Meth still a big presence in area: Heroin is also on the rise
Nearly 8,000 grams of methamphetamine were seized by the West Central Minnesota Drug and Violent Crime Task Force in 2017. This equates to more than 17 pounds, and according to Special Agent in Charge Jason Rosha, it represents a 500 percent increase from what was seized in 2016.
And although marijuana is not a primary focus of the task force, it seized more than 4,600 grams that same year.
The eight agents who focus on a six-county area — Douglas, Pope, Wadena, Becker, Otter Tail and Grant — made 153 arrests and have conducted roughly 235 investigations. More than 80 percent of the arrests were for felony-level crimes, said Rosha, who noted that the task force tends to focus its investigations and arrests on those who commit felony-level crimes.
"Regional trends indicate there is an ever-increasing supply, but it (meth) is not being made locally," said Rosha, who was the guest speaker recently for the Greater Lakes Area Safety and Health Council. "The stuff is being made in Mexico and is pure and relatively cheap — cheap as far as meth goes, but it is an expensive habit."
The council, known as GLASH, was formed in 1992 to help area businesses and professionals to stay current on issues related to safety and health, according to the council's executive leader, Katie Jo Swaggert.
"We bring speakers to present on topics which are top of mind for safety and health in our communities," she said. "Speakers to train on legal updates, OSHA requirements, drugs and more. GLASH members then bring back best practices to their businesses."
Swaggert said GLASH actively seeks to partner with any company — private sector, public or nonprofit — in west-central Minnesota that desires assistance in improving safety and health performance.
Rosha, who has been an Alexandria police officer since 2010 and a member of the task force since 2015, has spoken to GLASH on other occasions. This time Rosha talked about changes in the drug world, and although meth is still an issue, members of the drug task force are starting to see more heroin, as well as opiates.
He said a lot of progress has been made with prescription opiates, with health care professionals working together on the use of opioids with their patients. But an increasing issue is the manufacturing of counterfeit pills.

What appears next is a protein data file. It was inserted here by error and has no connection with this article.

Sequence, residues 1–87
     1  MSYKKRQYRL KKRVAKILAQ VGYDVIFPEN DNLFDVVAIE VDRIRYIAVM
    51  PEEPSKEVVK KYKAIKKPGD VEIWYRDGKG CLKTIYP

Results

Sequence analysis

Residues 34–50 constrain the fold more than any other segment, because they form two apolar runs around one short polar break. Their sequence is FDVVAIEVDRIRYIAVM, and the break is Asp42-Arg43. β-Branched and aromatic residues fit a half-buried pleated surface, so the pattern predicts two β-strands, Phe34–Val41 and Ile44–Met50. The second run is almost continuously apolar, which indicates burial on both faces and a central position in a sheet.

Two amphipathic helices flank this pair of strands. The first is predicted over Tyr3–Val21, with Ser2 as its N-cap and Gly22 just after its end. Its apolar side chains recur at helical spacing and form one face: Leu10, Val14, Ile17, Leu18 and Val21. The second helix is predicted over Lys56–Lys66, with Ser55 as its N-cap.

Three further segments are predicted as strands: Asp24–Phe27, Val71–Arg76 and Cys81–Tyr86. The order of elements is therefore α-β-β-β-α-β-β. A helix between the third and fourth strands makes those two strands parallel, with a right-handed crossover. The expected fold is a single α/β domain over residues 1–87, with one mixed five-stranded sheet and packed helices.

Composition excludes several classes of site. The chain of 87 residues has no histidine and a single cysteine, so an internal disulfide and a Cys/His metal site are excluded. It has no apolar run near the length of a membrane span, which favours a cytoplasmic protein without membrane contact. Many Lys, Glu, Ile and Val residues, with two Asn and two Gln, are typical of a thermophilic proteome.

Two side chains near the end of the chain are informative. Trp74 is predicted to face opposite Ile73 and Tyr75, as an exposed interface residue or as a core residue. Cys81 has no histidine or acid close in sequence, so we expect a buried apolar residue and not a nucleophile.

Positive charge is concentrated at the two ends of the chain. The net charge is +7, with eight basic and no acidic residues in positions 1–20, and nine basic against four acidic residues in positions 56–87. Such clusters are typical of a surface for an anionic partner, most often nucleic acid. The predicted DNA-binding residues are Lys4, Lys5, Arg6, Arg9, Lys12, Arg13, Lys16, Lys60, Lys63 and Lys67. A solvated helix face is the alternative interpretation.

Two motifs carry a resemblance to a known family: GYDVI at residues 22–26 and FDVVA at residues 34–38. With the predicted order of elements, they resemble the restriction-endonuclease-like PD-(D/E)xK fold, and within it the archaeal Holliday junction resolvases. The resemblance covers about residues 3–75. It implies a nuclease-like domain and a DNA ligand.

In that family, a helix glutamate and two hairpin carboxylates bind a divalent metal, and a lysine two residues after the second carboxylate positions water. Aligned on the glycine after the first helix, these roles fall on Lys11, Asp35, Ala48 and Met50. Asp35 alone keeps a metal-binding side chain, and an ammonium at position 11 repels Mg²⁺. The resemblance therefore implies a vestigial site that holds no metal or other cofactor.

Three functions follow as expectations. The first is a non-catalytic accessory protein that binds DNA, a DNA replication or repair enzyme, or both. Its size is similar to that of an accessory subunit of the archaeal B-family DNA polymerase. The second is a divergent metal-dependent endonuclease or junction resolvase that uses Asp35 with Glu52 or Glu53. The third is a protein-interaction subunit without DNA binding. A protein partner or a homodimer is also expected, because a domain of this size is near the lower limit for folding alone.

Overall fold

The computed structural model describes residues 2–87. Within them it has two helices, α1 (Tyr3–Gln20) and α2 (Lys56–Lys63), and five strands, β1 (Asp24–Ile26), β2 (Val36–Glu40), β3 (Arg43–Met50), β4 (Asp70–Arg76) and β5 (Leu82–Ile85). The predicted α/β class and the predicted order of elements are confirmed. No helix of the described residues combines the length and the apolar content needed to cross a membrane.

"Prescription drug abuse is still out there," said Rosha. "But progress is being made, good work is being made with that."
Another issue facing task force members are drugs sold as heroin but are more than likely fentanyl or even carfentanil, which are both synthetic and much stronger than straight-up heroin, he said.
Fentanyl mimics the effects of heroin, and according to Rosha is favored by the drug cartels because they can ship it over in smaller amounts. Additionally, it is easier to conceal because it often is in pill form and housed in prescription drug bottles with fake labels.
Rosha also said that cocaine is making a comeback, especially in those from 18 to 20 years old.
"There's been a big spike in that particular age group," he said. "Why? Because people want a drug that is stronger or harder, but they are scared of heroin."
Rosha said those who use cocaine can get "coked up" on the weekend and then be back to "normal" on Monday, unlike the effects of heroin, which lasts longer.
Mushrooms are starting to make a comeback, he said, and acid and a drug known as "Molly" have started to drop off.
As for ages of people who use drugs, Rosha said drug use in the middle school isn't uncommon. Most middle schoolers who dabble in drugs, he said, tend to try marijuana and some form of pills.
The 16-18 year olds, he said, tend to experiment with harder drugs and people tend to peak by about ages 23-25, which is about the time they start having kids. He said a great motivator for people to get clean is to have their own kids.
"If people are still on something by that age (26-30), they are probably not going to stop," he said.
The oldest person who was arrested by the task force for possession but was not a dealer, said Rosha, was a 72-year-old man who had used drugs on and off for most of his life. The youngest person arrested for selling drugs was 13 years old and the youngest person who was legitimately using drugs and was arrested was a 14 year old.
Drug task force agents encourage the public to be aware and cognizant of their surroundings and for parents to be aware of any changes in behavior in their children. If drug use is suspected, law enforcement agents should be contacted.
The Alexandria Police Department can be reached at 320-763-6631 and the Douglas County Sheriff's Office at 320-762-8151.